Never Say Die
covering burma and southeast asia
Tuesday, June 25, 2019


Never Say Die



A prominent new voice in the world of Burma activism tells a timely tale of survival and determination

Little Daughter: A Memoir of Survival in Burma and the West by Zoya Phan and Damien Lewis; Simon & Schuster, 2009. P 355
ZOYA Phan was just an infant when she experienced the first of many deaths that were to mar her young life. In this she is hardly unique: As she reveals throughout “Little Daughter,” an account of her life as the daughter of Karen resistance fighters engaged in a lifelong struggle against Burma’s military rulers, death is no stranger to her people, and even the youngest of children are routinely exposed to horrific instances of it.

But in her case, this first death was unusual, because it was her own.

“When I was two years old I died and came back to life,” writes the 28-year-old activist in the opening sentence of her autobiography, setting the stage for a tale of survival that often defies the reader to declare her prospects—and her parents’ political cause—dead, only to prove them wrong.

As its title suggests, this book is very much about the writer’s relationship with her parents, particularly her father, Padoh Mahn Sha, the late general secretary of the Karen National Union (KNU). Although it was her mother who saved her from her first “death” by refusing to accept the diagnosis of a poorly trained village nurse (who failed to recognize that she was merely in a fever-induced coma), it was her father who appeared to play the greater role in shaping her aspirations and keeping her hopes alive.

Both parents emerge as tragic, but heroic, figures. Her mother, Nant Kyin Shwe, once commanded a company of women soldiers, but ultimately succumbed to the hardships and sheer misery of life in a refugee camp on the Thai-Burmese border. Her father, a man of strong principles and considerable charisma, rose through the ranks of the KNU, only to die at the hands of assassins (most likely from a breakaway Karen group working at the behest of the Burmese army) on Valentine’s Day 2008.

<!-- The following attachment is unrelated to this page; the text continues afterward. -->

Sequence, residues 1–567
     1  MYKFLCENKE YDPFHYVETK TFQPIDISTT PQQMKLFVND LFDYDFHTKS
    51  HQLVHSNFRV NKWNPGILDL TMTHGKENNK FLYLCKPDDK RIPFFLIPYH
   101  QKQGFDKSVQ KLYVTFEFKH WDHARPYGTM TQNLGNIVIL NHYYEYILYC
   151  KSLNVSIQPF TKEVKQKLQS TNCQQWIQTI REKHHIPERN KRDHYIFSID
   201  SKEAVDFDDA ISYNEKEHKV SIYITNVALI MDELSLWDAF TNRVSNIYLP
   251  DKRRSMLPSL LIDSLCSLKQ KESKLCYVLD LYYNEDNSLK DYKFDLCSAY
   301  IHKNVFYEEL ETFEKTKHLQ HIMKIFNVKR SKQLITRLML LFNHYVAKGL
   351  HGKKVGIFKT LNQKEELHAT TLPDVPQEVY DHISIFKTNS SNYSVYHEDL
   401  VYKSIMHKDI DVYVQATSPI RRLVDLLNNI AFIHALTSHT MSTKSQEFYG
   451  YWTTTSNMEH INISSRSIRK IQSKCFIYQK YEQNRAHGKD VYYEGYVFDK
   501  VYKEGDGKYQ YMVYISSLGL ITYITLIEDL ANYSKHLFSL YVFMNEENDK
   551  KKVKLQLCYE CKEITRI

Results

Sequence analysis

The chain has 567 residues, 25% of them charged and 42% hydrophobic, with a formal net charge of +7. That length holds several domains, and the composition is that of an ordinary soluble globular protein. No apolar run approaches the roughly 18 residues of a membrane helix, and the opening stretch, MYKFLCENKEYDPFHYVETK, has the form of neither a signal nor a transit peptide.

A gifted student, Zoya Phan managed to escape the refugee camps by winning a scholarship to study in Bangkok. After graduating, she briefly flirts with the idea of a “normal” life working for a Thai company. But then she returns to her homeland with a group of fellow students to “bear witness” to the atrocities committed by the Burmese army. What she sees are countless families, terrified and destitute, fleeing to the relative safety of Thailand.

“Each one was like a blow to my heart,” she writes. “And with each I felt my anger and the spirit of resistance rising in me.”

Even before this experience, however, she knew that she was destined—not by fate, but by her father’s wishes—to become a champion of the struggle for freedom in Burma. By naming her Zoya, after Zoya Kosmodemyanskaya, a Russian girl who was tortured and hanged by the Nazis at the age of 17 for her refusal to betray her fellow partisans, her father had clearly singled her out for more than the life of a Bangkok office worker.

Still, it remained far from clear how she would fulfill her role as a defender of the defenseless. It was only after moving to England to study for a master’s degree that she finally found her true calling. Invited to attend her first protest—a demonstration in front of the Burmese embassy in London to mark the 60th birthday of democracy icon Aung San Suu Kyi—she suddenly had a megaphone thrust in front of her and soon discovered that she was a natural at rallying the troops.

Over the next few years, she attracted national attention with appearances at high-profile events such as the 2006 and 2007 Conservative Party conferences. She has met world leaders and celebrities, and has since become one of the most recognizable spokespersons of the Burmese democracy movement as the international coordinator of the Burma Campaign UK.

In 2007, she scored her first major victory, after successfully lobbying the British government’s aid agency to provide cross-border assistance to internally displaced persons in Karen State.

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